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A capital raising strategy is a long and short-term plan to determine who, what, when, where, why, and how your company will obtain the outside funding needed to be successful. There are basically two approaches that can be utilized in planning for your capital raise. You can attempt to raise all the money needed in one round or plan on setting up multiple rounds. You will then need to coordinate with legal counsel regarding what type of securities regulation will work best to perform the raise.
Trying to raise all the capital that will ever be needed in one round is tempting for many founders because of the simplicity it offers. In theory, it means that once the capital raise is concluded, the founders can focus on running the business instead of participating in further capital raising activities. However, in my experience, this “go broke or bust” strategy is almost never successful.
Early-stage companies are usually unable to rationally sustain the business valuation needed to successfully accomplish this approach. Further, this approach will ultimately cost you more in equity than a multiple round capital raise because your company’s bargaining position is at its weakest in the early stages. Investors also tend to have many concerns about the venture being extremely high risk at an early stage, which is why it is very difficult to raise capital for a newer company. Investors also tend to favor the accountability and control that comes with multiple rounds because capital is only released in tranches based upon achieving pertinent milestones.
The only startups that tend to successfully raise a large amount of initial capital in the cannabis space tend to have substantial tangible assets and/or celebrity founders who usually have an extensive track record of prior successful exits. In most cases, early-stage venture valuations simply cannot sustain a “go broke or bust” approach to the capital-raising process. Having a considerable capital infusion all in one round also tends to produce tremendous waste and inefficiency as seen in some of the larger publicly traded cannabis companies.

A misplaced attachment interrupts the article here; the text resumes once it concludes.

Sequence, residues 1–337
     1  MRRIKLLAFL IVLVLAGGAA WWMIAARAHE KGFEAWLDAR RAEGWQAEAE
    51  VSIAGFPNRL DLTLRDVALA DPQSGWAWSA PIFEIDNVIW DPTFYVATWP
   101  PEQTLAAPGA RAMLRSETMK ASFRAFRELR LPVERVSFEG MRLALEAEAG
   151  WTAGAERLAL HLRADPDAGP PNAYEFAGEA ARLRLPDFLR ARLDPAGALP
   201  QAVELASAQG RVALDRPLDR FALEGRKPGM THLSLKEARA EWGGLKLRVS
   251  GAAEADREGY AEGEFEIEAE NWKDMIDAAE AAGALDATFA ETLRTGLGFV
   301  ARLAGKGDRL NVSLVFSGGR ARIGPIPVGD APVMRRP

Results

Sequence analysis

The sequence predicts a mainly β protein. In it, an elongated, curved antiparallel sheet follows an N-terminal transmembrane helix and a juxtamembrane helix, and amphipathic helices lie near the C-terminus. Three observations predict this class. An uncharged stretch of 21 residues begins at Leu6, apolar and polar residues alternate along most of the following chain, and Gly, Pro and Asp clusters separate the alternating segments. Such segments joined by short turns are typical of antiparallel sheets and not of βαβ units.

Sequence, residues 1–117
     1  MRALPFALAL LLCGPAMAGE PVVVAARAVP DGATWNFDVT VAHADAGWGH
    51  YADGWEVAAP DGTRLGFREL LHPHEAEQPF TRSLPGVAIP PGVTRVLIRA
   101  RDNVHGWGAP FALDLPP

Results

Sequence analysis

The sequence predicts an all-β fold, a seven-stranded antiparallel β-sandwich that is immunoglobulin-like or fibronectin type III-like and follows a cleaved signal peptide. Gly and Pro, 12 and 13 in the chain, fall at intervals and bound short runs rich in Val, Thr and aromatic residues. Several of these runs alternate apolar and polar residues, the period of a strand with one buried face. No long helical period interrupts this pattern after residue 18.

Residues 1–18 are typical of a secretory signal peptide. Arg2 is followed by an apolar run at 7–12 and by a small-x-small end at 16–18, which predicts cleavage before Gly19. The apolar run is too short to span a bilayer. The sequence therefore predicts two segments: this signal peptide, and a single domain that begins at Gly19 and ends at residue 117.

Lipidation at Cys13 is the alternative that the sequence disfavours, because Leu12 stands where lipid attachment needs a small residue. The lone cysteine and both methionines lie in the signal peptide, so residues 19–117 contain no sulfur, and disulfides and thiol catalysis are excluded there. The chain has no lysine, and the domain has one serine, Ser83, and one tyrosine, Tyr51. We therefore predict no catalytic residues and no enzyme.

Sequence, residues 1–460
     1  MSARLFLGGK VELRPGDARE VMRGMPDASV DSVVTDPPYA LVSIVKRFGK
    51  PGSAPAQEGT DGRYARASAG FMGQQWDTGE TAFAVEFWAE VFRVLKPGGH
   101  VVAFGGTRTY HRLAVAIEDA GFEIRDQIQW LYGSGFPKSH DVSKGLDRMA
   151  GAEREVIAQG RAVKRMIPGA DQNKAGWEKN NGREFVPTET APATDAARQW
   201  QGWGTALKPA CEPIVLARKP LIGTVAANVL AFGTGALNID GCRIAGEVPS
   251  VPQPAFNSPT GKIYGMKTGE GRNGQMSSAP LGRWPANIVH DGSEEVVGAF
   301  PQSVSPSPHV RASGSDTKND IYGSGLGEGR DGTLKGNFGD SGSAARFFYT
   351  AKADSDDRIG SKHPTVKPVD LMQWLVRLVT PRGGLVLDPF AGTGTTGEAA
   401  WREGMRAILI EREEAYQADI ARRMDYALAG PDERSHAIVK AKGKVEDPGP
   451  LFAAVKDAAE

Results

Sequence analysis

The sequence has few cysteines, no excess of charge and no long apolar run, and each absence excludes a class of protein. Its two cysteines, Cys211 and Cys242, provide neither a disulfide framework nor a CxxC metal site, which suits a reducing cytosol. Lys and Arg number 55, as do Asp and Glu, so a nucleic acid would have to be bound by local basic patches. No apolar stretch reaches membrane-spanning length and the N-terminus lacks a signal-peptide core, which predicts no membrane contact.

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Although more challenging, taking the time to establish a well-planned multiple round capital raise tends to yield the best results in the shortest amount of time. This type of strategy also prepares you at the onset for the typical investor situation where the investor tends to commit only a smaller amount of capital for their first investment into your company. The investor will then invest further capital in larger amounts and sometimes even bring other investors into the deal once they are satisfied that your agreed-upon milestones can be achieved. Doing a conventional multiple round strategy also means you can raise more capital with less dilution to the founders’ ownership stakes because each subsequent capital round gives you greater leverage in your investor negotiations as there is less perceived enterprise risk.
As your company advances into each round of its capital raise different capital sources will become relevant. The diagram below shows what funding sources are the most appropriate at each round. There are of course exceptions to every rule, but time is something startups never have very much of, so it is critical to be as targeted as possible when determining what sources to pursue. The diagram purposely excludes capital aggregators such as investment banks because they do not manage any funds, instead, they pursue these same sources on your behalf.